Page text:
A view of JJ Camp, a large slum in the Kali Bari Marg area of central New Delhi. Five states–Chhattisgarh, Odisha, Jharkhand, Tamil Nadu and Bihar–had 51% of India’s slum households, according to a new paper.
The top five states by number of slum households per 100–Chhattisgarh (18), Odisha (17), Jharkhand (14), Tamil Nadu (11) and Bihar (10)–in 2008-09 had 51% of India’s slum households, according to a new paper.
The top five by number of slum households per 100 are the only states/union territories with more than 10% of their population living in slums, said the September 2017 paper by H S Chopra, project director in Rajasthan’s rural development department.
Source: Ministry Of Statistics & Programme ImplementationNote: Data not available for other states
In 2008-09, Tamil Nadu had the highest share of India’s slum households at 931,169 or 30%, the only state/union territory with a share in double digits.
Households that lacked a concrete roof, drinking water, a latrine and closed drainage–the criteria laid down by an August 2010 report of the slum census committee–in the 2008-09 survey data of the National Sample Survey Office, India’s official socio-economic surveyor, were counted as slums.
A slum is defined as “a compact settlement of at least 20 households with slum-like conditions as given in the above criteria”, according to the paper.
Overall, 3.15 million–about 28% less than the Census 2011 figure of 4.4 million–or 5% of India’s households were in slums in 2008-09.
|India’s Slums By Community|
|Caste||Slum households (In million)||Total households (In million)||Slum households (As % of total households)|
|Other Backward Classes||1.36||25.1||5.42|
In urban India, 60% slums are on government land with 40% owned by urban local bodies, according to the draft National Urban Rental Housing Policy 2015.
The share of slums with a health centre and a primary school within 1 km fell 16 and 3 percentage points, respectively, to 47% and 87% in 2009 from 63% and 90% in 1993, according to the housing and urban poverty alleviation ministry’s 2015 statistical compendium on slums.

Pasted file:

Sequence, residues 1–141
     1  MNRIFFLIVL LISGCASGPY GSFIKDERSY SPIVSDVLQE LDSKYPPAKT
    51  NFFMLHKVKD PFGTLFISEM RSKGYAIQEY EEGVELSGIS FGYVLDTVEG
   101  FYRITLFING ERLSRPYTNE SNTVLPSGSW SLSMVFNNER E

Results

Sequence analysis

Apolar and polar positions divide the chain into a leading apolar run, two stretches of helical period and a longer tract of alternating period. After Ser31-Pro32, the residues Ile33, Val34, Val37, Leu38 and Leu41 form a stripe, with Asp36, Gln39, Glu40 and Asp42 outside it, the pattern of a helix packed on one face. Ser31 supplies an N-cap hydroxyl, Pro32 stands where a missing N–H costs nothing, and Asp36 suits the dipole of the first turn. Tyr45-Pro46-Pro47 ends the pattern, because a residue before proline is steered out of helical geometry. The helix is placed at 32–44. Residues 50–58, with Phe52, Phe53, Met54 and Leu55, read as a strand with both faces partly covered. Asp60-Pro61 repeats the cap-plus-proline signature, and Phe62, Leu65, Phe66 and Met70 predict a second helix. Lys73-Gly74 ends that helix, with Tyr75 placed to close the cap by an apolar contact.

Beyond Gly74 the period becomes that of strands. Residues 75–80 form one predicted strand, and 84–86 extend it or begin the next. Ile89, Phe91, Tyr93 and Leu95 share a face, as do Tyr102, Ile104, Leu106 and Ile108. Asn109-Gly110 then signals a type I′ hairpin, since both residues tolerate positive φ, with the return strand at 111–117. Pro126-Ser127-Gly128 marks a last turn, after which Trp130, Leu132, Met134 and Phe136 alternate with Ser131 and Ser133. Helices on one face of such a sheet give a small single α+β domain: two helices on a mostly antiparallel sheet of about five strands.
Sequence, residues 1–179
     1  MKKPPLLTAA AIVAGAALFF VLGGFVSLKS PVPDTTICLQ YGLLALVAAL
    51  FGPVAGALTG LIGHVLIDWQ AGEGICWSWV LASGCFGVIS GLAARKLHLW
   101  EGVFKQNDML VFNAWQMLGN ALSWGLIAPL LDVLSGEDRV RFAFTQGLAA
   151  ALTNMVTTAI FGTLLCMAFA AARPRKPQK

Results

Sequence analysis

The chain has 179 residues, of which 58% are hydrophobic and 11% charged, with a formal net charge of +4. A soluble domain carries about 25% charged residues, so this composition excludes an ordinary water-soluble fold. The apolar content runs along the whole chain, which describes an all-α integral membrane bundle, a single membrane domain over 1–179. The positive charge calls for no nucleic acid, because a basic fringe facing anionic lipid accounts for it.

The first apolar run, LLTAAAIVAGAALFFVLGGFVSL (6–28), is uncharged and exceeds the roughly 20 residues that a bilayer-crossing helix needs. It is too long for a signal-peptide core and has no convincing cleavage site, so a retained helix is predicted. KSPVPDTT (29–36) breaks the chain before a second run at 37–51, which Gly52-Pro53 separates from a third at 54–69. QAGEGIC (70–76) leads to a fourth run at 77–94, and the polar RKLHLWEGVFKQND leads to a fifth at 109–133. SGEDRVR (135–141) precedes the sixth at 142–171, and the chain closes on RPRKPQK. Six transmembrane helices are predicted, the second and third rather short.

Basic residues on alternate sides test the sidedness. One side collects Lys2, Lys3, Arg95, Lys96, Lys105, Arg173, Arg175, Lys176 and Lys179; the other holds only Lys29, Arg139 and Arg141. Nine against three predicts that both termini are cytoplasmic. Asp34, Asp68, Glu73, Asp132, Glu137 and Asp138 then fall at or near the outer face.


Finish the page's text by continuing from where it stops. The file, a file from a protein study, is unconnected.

In Mumbai–home to the world’s third largest slum by population, Dharavi–90% of deaths result from respiratory diseases, according to a survey by International Institute of Population Sciences, Mumbai, the Indian Express reported on August 7, 2015. Apart from Dharavi, slums in Mumbai’s suburbs too were growing to become at least as big as Dharavi, the Times Of India reported on July 6, 2011. Despite having India’s largest slums, only 3.7% of Maharashtra’s 9.8 million households were in slums, and only one in 100 households in the state was in a slum in 2008-09.
Slum dwellers often sell homes that the government relocates them to because these end up being far from their workplaces, according to Saudamini Das at Delhi University’s Institute Of Economic Growth, City Labs reported on June 9, 2017.
- Develop housing on slum land: draft National Urban Rental Housing Policy 2015
- Govt provide streetlight and sewage facility to slum households: “Do neighbourhood facilities matter for slum housing? Evidence from Indian slum clusters”, March 15, 2016, by Saudamini Das and Arup Mitra (Institute Of Economic Growth, New Delhi) and Rajnish Kumar (Jawaharlal Nehru University, Delhi)
- Give unconditional no-eviction guarantee: Mukta Naik, Centre For Policy Research, to the Indian Express on May 12, 2017
Correction: An earlier version of the story used the words ‘slum’ and ‘slum household’ interchangeably at a few places. We have now corrected it. An earlier version of this story erroneously said 2008-09 was the latest year for which data on slum households were available. We regret the errors.
(Vivek is an analyst with IndiaSpend.)
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